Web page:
abstract We examined formation of solvated electrons in several ionic liquids composed of ammonium, pyrrolidinium and piperidinium cations by observing absorption spectra in the visible and near-infrared regions using pulse radiolysi. We also examined reactions of the solvated electrons with imidazolium cations in the ionic liquids. The reaction rate constants were an order of magnitude faster than the diffusion-limited rate calculated from the viscosity. The electrons before full solvation (dry electrons) reacted efficiently with the imidazolium cations. These observations suggest that the electrons in the ionic liquids can move easily before solvation. The scavenging of the dry electron by the imidazolium cation was also examined using C2-alkylated-imidazolium cations. It is found that the alkylation of imidazolium suppresses the reactivity with the dry electron. & 2008 Elsevier Ltd. All rights reserved.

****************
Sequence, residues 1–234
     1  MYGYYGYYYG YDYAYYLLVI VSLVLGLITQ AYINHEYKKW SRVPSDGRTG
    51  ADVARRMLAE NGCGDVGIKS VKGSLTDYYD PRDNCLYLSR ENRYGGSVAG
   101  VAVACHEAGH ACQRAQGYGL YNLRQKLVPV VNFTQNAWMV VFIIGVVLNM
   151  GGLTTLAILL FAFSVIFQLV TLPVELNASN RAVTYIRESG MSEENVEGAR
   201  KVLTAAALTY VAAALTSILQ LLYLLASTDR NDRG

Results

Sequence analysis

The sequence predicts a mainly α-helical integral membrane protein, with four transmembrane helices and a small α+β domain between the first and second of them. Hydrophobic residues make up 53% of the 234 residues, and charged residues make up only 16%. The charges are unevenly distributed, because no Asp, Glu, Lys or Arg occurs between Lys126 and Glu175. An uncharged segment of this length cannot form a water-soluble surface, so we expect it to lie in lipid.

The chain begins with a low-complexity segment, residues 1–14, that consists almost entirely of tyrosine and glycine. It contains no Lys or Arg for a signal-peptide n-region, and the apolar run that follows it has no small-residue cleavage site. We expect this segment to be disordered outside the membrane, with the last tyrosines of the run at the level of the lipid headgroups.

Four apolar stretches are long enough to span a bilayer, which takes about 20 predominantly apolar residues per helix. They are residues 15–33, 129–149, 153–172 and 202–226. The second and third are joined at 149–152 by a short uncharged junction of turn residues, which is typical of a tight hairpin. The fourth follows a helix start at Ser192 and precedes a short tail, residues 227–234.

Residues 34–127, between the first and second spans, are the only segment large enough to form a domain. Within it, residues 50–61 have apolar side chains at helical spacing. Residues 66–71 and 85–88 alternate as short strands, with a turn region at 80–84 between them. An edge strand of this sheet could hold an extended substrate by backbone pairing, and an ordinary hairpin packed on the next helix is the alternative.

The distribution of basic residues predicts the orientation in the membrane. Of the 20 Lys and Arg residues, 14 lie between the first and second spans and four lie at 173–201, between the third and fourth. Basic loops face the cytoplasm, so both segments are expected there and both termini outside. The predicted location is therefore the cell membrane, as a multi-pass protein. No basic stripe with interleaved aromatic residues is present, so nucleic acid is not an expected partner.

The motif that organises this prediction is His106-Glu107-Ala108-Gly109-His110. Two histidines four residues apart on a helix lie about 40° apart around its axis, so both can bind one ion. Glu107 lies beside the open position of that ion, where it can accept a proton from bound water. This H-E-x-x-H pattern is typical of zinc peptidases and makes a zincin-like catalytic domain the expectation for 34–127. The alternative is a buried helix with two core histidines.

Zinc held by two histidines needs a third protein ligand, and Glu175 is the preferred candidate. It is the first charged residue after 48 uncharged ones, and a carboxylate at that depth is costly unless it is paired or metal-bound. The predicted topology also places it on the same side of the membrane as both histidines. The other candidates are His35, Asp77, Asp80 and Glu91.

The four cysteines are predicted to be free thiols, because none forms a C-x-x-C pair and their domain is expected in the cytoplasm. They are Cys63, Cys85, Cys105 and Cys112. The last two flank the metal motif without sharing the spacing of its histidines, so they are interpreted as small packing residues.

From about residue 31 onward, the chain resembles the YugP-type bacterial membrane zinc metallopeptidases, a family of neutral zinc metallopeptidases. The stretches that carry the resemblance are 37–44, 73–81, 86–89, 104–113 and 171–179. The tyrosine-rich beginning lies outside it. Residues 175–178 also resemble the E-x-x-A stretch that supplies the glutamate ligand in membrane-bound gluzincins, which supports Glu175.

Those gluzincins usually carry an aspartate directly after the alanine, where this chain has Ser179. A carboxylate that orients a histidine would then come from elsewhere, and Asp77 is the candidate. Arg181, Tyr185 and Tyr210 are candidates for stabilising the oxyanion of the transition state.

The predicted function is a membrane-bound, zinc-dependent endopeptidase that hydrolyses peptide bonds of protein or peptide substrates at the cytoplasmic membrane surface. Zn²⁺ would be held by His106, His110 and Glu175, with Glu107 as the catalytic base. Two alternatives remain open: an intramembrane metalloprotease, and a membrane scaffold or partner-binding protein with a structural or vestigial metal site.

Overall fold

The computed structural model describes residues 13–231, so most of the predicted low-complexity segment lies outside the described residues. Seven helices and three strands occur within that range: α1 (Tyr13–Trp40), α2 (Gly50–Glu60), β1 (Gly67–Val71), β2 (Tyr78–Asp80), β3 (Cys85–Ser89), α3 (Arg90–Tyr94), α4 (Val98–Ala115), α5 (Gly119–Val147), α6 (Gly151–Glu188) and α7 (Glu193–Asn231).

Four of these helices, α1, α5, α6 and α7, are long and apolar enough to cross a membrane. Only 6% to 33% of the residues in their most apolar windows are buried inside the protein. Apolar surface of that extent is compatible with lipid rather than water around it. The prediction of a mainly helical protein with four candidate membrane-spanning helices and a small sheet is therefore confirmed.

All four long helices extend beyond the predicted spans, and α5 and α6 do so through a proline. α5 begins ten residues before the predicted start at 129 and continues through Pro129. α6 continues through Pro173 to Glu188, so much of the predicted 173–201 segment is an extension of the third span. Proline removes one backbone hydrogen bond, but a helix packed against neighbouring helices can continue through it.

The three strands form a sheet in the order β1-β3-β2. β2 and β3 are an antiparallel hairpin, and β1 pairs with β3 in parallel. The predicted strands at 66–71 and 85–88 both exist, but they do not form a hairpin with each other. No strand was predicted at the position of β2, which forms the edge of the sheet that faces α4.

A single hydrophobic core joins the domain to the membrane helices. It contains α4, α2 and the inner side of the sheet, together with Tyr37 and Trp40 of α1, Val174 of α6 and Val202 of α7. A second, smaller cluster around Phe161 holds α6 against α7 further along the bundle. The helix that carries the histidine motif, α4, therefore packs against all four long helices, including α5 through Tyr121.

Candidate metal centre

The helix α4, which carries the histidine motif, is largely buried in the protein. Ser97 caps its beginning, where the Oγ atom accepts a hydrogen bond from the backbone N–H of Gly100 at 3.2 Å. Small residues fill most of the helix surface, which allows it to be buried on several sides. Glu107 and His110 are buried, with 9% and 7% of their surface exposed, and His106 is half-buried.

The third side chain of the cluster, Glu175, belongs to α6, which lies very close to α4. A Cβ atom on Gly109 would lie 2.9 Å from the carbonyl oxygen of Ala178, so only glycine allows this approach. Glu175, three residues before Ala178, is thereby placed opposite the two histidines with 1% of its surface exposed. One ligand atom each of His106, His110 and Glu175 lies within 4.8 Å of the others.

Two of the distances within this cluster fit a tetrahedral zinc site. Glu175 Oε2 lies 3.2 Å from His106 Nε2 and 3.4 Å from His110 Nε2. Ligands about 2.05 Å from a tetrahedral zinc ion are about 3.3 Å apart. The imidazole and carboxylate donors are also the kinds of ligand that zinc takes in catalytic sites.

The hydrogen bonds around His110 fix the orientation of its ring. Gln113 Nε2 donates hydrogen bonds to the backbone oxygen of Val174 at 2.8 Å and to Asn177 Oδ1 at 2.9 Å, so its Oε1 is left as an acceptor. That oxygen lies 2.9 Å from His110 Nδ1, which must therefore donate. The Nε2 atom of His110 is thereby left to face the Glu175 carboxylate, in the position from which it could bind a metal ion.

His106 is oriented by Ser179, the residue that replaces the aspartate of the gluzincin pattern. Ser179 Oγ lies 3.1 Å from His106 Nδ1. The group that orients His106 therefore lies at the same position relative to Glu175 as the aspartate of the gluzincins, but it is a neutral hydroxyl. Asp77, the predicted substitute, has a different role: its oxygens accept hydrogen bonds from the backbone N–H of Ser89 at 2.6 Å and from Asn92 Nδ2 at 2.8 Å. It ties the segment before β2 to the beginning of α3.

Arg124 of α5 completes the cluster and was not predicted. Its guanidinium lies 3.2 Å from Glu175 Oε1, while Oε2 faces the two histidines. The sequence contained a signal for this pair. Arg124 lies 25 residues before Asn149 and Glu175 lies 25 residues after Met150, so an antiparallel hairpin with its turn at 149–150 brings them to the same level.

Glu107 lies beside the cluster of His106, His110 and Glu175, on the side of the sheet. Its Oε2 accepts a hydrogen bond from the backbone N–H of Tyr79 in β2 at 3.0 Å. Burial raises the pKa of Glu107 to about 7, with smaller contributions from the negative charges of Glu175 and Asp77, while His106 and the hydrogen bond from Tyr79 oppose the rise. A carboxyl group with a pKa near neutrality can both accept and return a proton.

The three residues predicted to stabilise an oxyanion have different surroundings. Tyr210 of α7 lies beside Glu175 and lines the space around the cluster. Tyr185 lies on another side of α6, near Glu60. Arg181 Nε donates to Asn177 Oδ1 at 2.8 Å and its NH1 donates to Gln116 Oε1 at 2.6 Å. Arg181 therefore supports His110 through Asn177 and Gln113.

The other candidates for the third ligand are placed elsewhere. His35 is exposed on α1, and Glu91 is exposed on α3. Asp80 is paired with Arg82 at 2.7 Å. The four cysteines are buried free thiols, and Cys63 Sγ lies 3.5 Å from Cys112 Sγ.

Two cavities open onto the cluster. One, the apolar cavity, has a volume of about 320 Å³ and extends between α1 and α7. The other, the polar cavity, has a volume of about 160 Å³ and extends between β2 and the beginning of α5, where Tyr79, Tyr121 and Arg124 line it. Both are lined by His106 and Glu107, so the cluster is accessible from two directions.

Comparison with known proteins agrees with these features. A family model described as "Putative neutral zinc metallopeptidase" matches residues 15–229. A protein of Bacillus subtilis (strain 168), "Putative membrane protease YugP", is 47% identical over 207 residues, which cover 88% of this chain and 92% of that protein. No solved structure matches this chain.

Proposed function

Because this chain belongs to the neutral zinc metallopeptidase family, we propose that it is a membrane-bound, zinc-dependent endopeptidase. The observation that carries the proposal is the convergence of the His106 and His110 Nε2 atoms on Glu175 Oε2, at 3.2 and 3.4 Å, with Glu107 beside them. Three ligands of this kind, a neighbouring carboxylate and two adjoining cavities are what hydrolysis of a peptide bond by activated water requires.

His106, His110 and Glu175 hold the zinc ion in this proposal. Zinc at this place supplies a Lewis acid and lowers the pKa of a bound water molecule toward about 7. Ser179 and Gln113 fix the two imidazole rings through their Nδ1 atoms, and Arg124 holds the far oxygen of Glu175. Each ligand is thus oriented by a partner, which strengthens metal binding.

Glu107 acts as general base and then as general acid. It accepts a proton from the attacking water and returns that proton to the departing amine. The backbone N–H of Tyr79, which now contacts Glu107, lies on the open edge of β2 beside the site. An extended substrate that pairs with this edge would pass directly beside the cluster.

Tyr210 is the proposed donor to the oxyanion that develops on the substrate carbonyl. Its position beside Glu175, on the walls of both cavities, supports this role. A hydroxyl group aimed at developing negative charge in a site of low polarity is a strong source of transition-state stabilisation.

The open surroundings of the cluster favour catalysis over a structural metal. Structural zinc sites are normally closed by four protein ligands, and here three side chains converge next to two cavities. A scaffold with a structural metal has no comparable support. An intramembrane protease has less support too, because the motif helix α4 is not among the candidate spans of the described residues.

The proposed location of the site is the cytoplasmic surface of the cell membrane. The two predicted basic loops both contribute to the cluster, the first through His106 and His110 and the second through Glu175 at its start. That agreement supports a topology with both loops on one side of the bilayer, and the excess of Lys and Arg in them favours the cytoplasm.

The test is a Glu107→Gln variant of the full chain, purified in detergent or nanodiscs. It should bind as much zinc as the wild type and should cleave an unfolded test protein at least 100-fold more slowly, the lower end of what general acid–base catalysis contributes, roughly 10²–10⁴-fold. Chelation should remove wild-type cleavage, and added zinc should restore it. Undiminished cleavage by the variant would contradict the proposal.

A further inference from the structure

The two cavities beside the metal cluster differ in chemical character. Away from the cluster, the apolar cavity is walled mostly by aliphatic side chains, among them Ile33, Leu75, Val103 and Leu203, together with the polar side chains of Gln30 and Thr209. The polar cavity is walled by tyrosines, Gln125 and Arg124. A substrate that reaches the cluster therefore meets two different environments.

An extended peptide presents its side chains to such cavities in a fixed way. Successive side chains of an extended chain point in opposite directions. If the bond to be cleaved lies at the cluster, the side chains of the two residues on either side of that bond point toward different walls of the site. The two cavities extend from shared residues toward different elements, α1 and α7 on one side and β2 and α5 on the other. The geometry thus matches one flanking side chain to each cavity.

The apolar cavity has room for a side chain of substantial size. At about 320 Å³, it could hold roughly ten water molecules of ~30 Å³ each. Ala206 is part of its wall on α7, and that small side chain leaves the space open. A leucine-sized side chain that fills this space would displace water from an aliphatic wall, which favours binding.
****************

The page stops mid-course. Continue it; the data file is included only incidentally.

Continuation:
1. Introduction Room-temperature ionic liquids are salts with melting points near or below ambient temperature. They have very unique properties, such as negligible vapor pressure, excellent solvation ability and high thermal stability (Welton, 1999; Wasserscheid and Welton, 2003; Rogers and Seddon, 2003; Ranke et al., 2007). One important application of ionic liquids is as a medium for the processing of spent nuclear fuel (Allen et al., 2002; Harmon et al., 2001; Shkrob et al., 2007). Successful use of ionic liquids in radiation environments requires an understanding of radiation chemistry of ionic liquid (Grodkowski and Neta, 2002a; Grodkowski and Neta, 2002b; Grodkowski and Neta, 2002c). Wishart and Neta (2003) have for the first time observed absorption spectrum and reaction kinetics of solvated electrons in an ionic liquid methyltributylammonium bis(trifluoromethylsulfonyl) imide (R4N-TFSI) using pulse radiolysis. The spectrum of solvated electron was broad and the absorption maximum was located around 1400 nm. Wishart et al. (2005) have also studied the solvation dynamics around the excess electron. The solvation dynamics was very slow, suggesting that, in ionic liquids, not only the solvated electrons but also the pre-solvated or dry electrons play quite important roles. Chandrasekhar et al. (2006) have attempted the laser-induced formation of solvated electrons in two ionic liquids, trihexylte-